Shortage of truck drivers is a profound problem nationwide. COVID lockdowns shuttered the driving schools and made getting licenses difficult.
The Port of Los Angeles is dealing with a seaborne traffic jam, as a record number of container ships circle nearby waters to unload cargo.
A satellite image has captured more than 60 container ships that are stuck waiting to dock outside the ports of Los Angeles and Long Beach as a massive supply chain crunch hits the United States.
The extraordinary sight of vessels unable to berth is due in part because of a massive backlog that has been caused by a sudden surge in American buying ahead of the holiday season.
The number of ships that are currently anchored outside the major ports, which moves 40 percent of containers in the United States, has tripled over the course of the past two months to 62. Lines are now at their longest since the start of the pandemic.
The backup at the country’s busiest port complex has been brought on by a pandemic-induced buying boom, coupled with a labor shortage that has overwhelmed the port workforce, according to port officials say.
The shipping traffic jams come as the U.S. and some other economies are beginning to head towards normalcy and shows how messy the reopening of business is proving to be more than 18 months since the pandemic’s onset. It also shows just how fragile supply chains remain.
The root cause is the lack of drivers to haul the products to their next destinations. The situation is such that there is now a concern about the supply of toilet paper.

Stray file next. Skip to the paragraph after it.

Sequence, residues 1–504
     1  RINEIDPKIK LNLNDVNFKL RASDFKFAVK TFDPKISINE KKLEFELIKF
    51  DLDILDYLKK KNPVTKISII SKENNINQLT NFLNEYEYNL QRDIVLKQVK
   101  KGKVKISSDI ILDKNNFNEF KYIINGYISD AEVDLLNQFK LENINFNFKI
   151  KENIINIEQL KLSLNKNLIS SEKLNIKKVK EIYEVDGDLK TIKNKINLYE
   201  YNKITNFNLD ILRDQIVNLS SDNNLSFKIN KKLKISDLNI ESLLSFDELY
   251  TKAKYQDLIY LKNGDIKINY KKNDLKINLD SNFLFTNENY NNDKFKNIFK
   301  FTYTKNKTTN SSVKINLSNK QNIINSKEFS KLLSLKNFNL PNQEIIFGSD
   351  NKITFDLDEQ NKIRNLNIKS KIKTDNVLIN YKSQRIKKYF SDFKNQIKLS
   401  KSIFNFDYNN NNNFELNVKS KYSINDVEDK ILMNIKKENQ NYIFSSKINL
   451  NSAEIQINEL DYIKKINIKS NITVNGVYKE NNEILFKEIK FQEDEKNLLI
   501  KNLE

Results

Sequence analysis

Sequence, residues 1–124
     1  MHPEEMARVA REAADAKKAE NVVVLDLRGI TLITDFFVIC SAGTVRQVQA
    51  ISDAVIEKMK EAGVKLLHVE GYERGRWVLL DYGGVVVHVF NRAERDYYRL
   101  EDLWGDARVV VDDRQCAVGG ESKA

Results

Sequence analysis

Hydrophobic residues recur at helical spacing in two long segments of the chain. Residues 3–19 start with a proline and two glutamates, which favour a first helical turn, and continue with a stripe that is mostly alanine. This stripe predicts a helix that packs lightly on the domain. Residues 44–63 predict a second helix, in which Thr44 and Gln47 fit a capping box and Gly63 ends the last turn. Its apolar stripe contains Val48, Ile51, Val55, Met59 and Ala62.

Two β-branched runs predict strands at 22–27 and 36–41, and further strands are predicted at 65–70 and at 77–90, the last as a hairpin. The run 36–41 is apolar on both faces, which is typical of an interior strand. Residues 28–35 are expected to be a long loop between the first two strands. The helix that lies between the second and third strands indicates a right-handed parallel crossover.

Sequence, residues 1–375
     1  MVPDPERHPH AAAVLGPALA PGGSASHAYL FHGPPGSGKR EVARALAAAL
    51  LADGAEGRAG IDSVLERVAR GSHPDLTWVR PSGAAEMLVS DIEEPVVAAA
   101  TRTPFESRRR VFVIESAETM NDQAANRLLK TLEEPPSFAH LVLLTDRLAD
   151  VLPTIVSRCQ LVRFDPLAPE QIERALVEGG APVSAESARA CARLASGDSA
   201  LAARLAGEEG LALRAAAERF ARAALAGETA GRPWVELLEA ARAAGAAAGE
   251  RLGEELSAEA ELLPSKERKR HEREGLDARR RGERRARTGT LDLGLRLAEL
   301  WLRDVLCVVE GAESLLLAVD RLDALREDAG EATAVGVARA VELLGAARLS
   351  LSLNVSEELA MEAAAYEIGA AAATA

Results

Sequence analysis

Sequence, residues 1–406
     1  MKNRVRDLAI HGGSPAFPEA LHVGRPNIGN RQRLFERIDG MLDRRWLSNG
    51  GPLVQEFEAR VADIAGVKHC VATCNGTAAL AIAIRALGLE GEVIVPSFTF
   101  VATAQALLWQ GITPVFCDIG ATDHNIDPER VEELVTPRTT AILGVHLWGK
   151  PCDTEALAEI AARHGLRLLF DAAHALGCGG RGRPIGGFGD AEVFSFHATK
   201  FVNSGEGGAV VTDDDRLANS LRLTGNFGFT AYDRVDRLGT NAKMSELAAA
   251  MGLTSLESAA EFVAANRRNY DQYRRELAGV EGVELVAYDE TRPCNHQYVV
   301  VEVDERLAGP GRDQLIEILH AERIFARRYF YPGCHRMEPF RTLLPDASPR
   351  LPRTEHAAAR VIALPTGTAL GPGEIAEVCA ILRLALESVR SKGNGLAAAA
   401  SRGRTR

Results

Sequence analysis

Ships are also backing up at other ports around the country, Bloomberg reported, as it takes longer to move containers from ships to trains and trucks. A shortage of truck drivers to collect and drop off the 20- and 40-foot steel boxes is compounding the problem.
The supply chain problem is leading stores like Costco to limit purchases of toilet paper and cleaning supplies, and even forced Nike to lower its sales expectations for the year after it reported a rare shortfall for sales over the summer.
Perhaps most troubling is the news that Robert Garcia, the Long Beach mayor, announced this week that the southern California ports are working with the Biden administration to resolve the issue.
The ports said this week that they would expand their hours for cargo pickup, with Long Beach experimenting with a 24/7 pilot program, in response to the historic cargo surge.
“The port of Long Beach is prepared to take bold and immediate action to help the supply chain move the record cargo volumes that keep our economy moving,” said Mario Cordero, the executive director the the port.
Given Team Biden’s many failures, stocking up on toilet paper may be the smart move.
Finally, the shortage of truck drivers is a serious problem nationwide. The prolonged COVID lockdowns shuttered the driving schools and made getting licenses difficult.
“It’s as bad as we’ve ever seen it,” said American Trucking Association’s Chief Economist Bob Costello.
According to the ATA, the trucking industry was already 61,000 drivers short of demand back in 2019. Then the pandemic hit.
“Truck driver training schools shut down, or they trained a fraction of what they normally do. Plus, DMV’s were issuing fewer drivers licenses because they had limited hours,” Costello said.
The result is an industry so desperate for drivers that prospective truckers are being treated like blue-chip athletic recruits.
Shipping firms are actually going to trucking schools and offering to have jobs waiting for students when they graduate.
Signing bonuses are being offered, plus full benefits.
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